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By Leath Tonino
On a Sunday morning, after pancakes and coffee and more coffee, I set out from my home 9,000 feet up in the Colorado Rockies, bringing with me only an empty backpack. No GPS-tracking watch, no map, no phone, no picnic, no book—no plan. Common sense says to leave an itinerary on the kitchen table when hiking solo, in case of emergency. My itinerary is blank.
Because my plan is an anti-plan: bushwhack into the woods at the edge of town, maybe walk a game trail, probably end up staring at a bed of moss or a spider web for a couple of hours, hunker in a thicket and listen to little chirping birds until I’ve entirely forgotten that I’m listening. Gonna do nothing, do the place, stop doing, stop scheming, get bored, get lost—and maybe found.
Big Pharma, Big Ag, Big … Wellness? The Florida-based nonprofit Global Wellness Institute estimates that a $121 billion-a-year industry has arisen to meet the needs of a populace addicted to busyness and productivity. That includes everything from sleep ($49.5 billion) to self-improvement ($33.6 billion) to meditation ($2.9 billion). Increasingly, chilling out is bottled and sold in mindfulness apps, catchy book titles, expensive detox regimens, and boutique resorts and retreats. But as many people are coming to realize—burned-out executives very much included—these anxiety-relieving antidotes still involve a sneaky kind of doing, an insidious kind of striving. That’s where the practice of just wandering in the woods for long stretches of solitude comes in. You can’t hurry your way to slowness or buy your way to aliveness. The most reliable tool, it turns out, is the regular practice of enduring the uncomfortable and awkward act of just being. No strings attached.
“You can’t hurry your way to slowness or buy your way to aliveness. The most reliable tool, it turns out, is the regular practice of enduring the uncomfortable and awkward act of just being.”
In the case of my Sunday micro-excursions, which I have been doing since my teens, you only need a cushion (the empty backpack) and a willingness to sit, to adventure into aimlessness, to experiment with wu wei. It’s an idea (nay, an ideal) that is hardly new, dating back to ancient Chinese poets, who balanced their ambitious careers as movers and shakers with contemplative retreats. In between stretches of high-stakes wheeling and dealing, they would escape to the countryside to gaze at a forested slope’s thousand shades of green, to sip just enough wine to drift away with the wispy clouds, to temporarily inhabit the spaces underneath their thoughts, where poetry resides. According to translator and scholar David Hinton, wu wei is a concept that defies encapsulation but basically points toward acting spontaneously, without “self-conscious intention.”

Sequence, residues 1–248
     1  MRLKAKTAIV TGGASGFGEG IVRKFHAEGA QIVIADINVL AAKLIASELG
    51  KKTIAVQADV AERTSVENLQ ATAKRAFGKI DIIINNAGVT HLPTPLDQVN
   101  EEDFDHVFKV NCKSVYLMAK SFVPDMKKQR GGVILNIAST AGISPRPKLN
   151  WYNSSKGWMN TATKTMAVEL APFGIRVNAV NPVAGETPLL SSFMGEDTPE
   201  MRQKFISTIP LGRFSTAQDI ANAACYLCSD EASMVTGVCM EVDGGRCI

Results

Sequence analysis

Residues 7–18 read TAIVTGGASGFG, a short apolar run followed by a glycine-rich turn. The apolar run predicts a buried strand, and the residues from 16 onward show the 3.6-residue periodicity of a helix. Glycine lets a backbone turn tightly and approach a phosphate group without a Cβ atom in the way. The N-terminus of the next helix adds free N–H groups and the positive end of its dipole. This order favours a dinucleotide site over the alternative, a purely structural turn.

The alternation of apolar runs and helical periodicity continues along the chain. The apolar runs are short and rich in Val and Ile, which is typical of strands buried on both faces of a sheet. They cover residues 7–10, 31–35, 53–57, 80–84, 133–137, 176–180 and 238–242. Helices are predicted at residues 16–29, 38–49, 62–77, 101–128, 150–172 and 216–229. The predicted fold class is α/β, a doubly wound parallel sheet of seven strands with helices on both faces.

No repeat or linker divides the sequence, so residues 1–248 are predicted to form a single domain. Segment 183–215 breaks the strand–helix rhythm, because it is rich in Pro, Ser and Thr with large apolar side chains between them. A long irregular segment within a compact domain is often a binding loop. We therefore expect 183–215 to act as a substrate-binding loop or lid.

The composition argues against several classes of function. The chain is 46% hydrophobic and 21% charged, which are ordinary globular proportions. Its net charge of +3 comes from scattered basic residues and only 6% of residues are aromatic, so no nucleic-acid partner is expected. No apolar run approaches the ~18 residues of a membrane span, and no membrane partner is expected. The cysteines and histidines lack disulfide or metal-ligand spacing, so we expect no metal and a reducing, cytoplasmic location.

I’m not a natural wu wei master. On the contrary, I’m a scrappy, scroungy, perpetual hustler. At the close of a bleary-eyed week of laptop jockeying and deadline wrangling, I usually set the alarm for 4:30 a.m. on Saturday, then “relax” by climbing 13,000-foot peaks. As a teen, I got into backpacking, a pastime that requires a love of suffering. When I began to dabble in wu wei a few years later, on the hunch that it also would open me to new, exciting vistas, I drew on my experience as a long-distance trekker to persevere. At first, twiddling my thumbs in the woods was tougher than a stern uphill with a 50-pound load hugging my spine. It still is, on occasion.
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On my approximately 393rd foray into the edge-of-town wilderness and the interior wilds of wu wei, the sun is directly above when I wad the empty backpack under my fanny and plop down in a nondescript patch of weeds at the base of a half-dead lodgepole pine. I notice patterns in the bark. The glint of a beetle’s dark carapace. I notice that my butt is numb. That I’m becoming irked with the tedium of a radically slo-mo pace. And I notice, eventually, that I’ve stopped noticing, that somewhere in that expanse of time I’ve transformed from actor to acted upon, that I am calm and grinning and—whoa, it’s already evening.
Ultimately, this whole deal isn’t about either/or—it’s about both. I’m a born-and-bred overachiever Monday through Friday. Come Saturday, I’m a wannabe Himalayan badass, traversing craggy ridgelines. And when Sunday finally arrives, I head to the outskirts of town, an empty backpack slung over my tired shoulders and a blank agenda humming with uncertainty, possibility, and simplicity left behind on the kitchen table.